For many years I have spent a week each summer visiting family in Vancouver, B.C., a uniquely picturesque Canadian city enveloped in mountains and floating on tidal waterways.
Its citizens and businesses are much the same as our own, even if their clothing is more fashionable and the prices a notch higher, but for all its familiarity, the Vancouver situated 180 miles north is more European than American. It is, in essence, distinctly Canadian, and nowhere is that more obvious than its restrictions on the private ownership of firearms.
For proof, one need look no further than the city’s daily newspaper, The Vancouver Sun. Like most dailies, The Sun had extensive coverage on the mass shooting in Aurora, Colorado, including which practically vibrated with Canada’s measured opinion on the topic of gun control which.
To put it nicely (i.e. the Canadian way), their view is fundamentally different from our own.
One of The Sun’s editorial writer went straight for the American jugular: – the American right to bear a whole lotta arms – by asking, “When are our American neighbors going to wake up and realize that gun production, gun rights and loose legislation are the real reason for these atrocities?”
As it turns out, he’s not the only one up north harboring that same opinion. Canada’s comparatively strict gun regulations and statutes are widely popular (with the exception of a vocal but largely ignored minority) suggesting a country in lockstep with the writer’s rhetorical plea.
Not to suggest that Canada does not have violent crime. In fact, handgun related homicides have increased dramatically in recent years. The Toronto area has weathered two recent shootings (the first June 2 and the other July 16) which left a total of four people dead and more than twenty injured. These incidents also have a tragically surreal connection to Aurora’s recent shooting: Jessica Ghawi, 24, survived the June shooting in Toronto uninjured only to die in a hail of bullets in Colorado.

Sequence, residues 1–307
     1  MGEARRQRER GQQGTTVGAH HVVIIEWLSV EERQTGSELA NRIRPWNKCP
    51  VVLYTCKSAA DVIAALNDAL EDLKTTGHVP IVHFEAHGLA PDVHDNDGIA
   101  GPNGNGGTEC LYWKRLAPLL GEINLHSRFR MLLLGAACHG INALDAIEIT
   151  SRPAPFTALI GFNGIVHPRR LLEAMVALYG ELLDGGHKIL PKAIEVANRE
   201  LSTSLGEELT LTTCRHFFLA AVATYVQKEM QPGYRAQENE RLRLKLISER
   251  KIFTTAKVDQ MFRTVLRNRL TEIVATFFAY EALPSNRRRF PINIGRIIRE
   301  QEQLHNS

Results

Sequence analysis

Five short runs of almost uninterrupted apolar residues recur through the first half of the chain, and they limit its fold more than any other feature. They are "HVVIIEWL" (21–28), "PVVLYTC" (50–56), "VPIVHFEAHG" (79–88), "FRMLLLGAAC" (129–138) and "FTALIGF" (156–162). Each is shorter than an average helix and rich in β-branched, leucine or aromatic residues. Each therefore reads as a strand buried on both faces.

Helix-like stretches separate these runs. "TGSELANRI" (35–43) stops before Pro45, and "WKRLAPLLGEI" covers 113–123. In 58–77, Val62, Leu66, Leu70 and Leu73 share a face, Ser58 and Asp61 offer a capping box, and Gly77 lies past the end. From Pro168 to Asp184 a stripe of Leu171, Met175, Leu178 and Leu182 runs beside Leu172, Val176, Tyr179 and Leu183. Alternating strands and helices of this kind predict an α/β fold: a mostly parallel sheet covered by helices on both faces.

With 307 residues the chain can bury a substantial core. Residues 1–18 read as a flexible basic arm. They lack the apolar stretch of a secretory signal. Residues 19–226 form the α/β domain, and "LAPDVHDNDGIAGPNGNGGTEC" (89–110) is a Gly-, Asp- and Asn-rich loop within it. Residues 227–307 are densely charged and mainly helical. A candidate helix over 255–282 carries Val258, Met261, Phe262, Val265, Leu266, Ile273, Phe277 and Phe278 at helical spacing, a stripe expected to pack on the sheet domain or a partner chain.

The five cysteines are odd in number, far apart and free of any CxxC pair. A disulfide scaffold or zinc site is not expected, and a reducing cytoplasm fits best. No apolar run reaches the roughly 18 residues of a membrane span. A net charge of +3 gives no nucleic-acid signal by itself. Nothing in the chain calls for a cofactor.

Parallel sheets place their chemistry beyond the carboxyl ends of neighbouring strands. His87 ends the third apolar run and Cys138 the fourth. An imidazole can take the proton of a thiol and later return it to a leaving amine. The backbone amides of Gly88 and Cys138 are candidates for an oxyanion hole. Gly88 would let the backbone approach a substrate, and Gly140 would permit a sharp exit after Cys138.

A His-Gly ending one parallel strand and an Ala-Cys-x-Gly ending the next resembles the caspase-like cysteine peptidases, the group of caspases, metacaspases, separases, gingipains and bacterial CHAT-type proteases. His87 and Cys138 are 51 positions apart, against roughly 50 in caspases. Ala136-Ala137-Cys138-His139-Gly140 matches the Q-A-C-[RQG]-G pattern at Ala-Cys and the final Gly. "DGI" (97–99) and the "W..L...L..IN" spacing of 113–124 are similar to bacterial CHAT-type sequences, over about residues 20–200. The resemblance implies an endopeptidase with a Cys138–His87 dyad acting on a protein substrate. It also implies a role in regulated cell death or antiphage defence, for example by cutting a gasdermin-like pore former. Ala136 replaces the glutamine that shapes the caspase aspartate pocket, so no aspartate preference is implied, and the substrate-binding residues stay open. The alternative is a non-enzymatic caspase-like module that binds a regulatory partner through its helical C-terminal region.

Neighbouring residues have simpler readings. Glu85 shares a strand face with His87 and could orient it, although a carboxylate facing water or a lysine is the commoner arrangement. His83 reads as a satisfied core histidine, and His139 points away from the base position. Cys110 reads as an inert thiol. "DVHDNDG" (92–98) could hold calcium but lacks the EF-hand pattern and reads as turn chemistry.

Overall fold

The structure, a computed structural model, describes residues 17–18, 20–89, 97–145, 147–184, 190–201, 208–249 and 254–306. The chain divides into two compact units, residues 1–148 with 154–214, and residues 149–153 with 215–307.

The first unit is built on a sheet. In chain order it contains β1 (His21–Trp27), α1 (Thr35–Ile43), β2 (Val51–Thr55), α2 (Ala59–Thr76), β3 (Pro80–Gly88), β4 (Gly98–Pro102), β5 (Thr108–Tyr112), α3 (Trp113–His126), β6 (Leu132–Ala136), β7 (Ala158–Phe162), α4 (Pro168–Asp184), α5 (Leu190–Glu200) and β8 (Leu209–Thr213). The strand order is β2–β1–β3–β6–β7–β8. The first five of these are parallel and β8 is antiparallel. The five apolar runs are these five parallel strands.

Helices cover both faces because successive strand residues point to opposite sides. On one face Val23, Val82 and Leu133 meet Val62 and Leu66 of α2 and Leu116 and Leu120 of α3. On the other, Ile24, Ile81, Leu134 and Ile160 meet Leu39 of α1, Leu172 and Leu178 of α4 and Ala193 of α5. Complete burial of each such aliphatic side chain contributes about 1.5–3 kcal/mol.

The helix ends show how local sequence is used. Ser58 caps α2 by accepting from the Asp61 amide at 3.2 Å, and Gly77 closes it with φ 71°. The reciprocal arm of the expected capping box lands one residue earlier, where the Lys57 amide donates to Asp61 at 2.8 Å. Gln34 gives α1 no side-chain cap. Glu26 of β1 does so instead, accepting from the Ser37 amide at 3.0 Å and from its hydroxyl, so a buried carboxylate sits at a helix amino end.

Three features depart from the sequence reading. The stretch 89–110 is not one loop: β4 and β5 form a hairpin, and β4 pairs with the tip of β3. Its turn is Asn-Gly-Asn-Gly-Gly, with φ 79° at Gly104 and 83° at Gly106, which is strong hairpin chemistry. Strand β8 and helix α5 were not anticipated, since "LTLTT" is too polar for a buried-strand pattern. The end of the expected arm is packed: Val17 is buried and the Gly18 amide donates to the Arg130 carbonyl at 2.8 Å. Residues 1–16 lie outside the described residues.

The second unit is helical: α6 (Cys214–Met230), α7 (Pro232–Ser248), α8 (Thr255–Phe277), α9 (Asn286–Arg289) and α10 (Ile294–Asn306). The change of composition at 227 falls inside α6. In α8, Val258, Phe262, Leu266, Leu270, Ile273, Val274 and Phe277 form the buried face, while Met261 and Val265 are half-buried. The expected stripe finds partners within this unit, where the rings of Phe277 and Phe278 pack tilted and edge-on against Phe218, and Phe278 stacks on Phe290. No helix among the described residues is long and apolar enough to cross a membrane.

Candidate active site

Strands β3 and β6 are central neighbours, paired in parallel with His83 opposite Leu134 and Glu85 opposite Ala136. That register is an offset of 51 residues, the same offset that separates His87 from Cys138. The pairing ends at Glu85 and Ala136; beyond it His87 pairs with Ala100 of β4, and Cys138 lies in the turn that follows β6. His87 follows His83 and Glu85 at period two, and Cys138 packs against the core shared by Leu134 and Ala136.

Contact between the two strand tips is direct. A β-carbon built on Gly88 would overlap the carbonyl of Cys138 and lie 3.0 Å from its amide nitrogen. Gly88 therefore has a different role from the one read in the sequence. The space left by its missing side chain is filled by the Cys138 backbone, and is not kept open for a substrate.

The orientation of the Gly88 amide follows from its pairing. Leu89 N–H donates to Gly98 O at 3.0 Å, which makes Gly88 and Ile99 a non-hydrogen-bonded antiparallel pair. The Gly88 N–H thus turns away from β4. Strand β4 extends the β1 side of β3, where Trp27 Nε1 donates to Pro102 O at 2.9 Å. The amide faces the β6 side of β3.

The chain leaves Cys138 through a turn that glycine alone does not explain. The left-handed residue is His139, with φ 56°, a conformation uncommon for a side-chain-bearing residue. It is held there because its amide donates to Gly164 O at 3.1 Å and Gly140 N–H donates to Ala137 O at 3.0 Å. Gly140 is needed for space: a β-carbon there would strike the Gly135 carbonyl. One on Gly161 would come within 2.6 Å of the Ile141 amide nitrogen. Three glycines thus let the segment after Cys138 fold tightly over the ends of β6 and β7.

Still, all the crime scene tape surrounding all the homicides in Canada (605 in 2006) would not cover a quarter of the tape strung in California, a state of comparative population (2,483 for that same year). Our streets are simply more violent than those in Canada, and the reason for that is as endemic to the American experience as was the violent birth of our country.
America is a country created out of war. Rough men armed with rifles – explorers, soldiers and frontiersmen - pushed our borders to the western shore. Our combative system of government and deeply competitive capitalist nature is the adversarial byproduct of our uniquely American lifestyle. We love our independence. But a strong national government? Not so much.
While America fought to exist, Canada was released with the blessings of our common mother. No surprise it has maintained many of its British traditions and ties, nor has it felt the need to fight more than a handful of military actions at home or aborad. Canada’s reputation as an introverted and courteous country is the polar opposite of the colossus on its southern border.
I am, of course, speaking in generalities. Exceptions abound. There are Canadians who advocate for fewer gun restrictions just as there are Americans who want to see the 2nd Amendment go away. Yet our separate pasts somehow stand between useful discussion on an epidemic that threatens lives in both countries.
Dying by gunfire is a problem without boundaries. It would be a welcome change if we were to stop pointing fingers and pay attention to our common problem.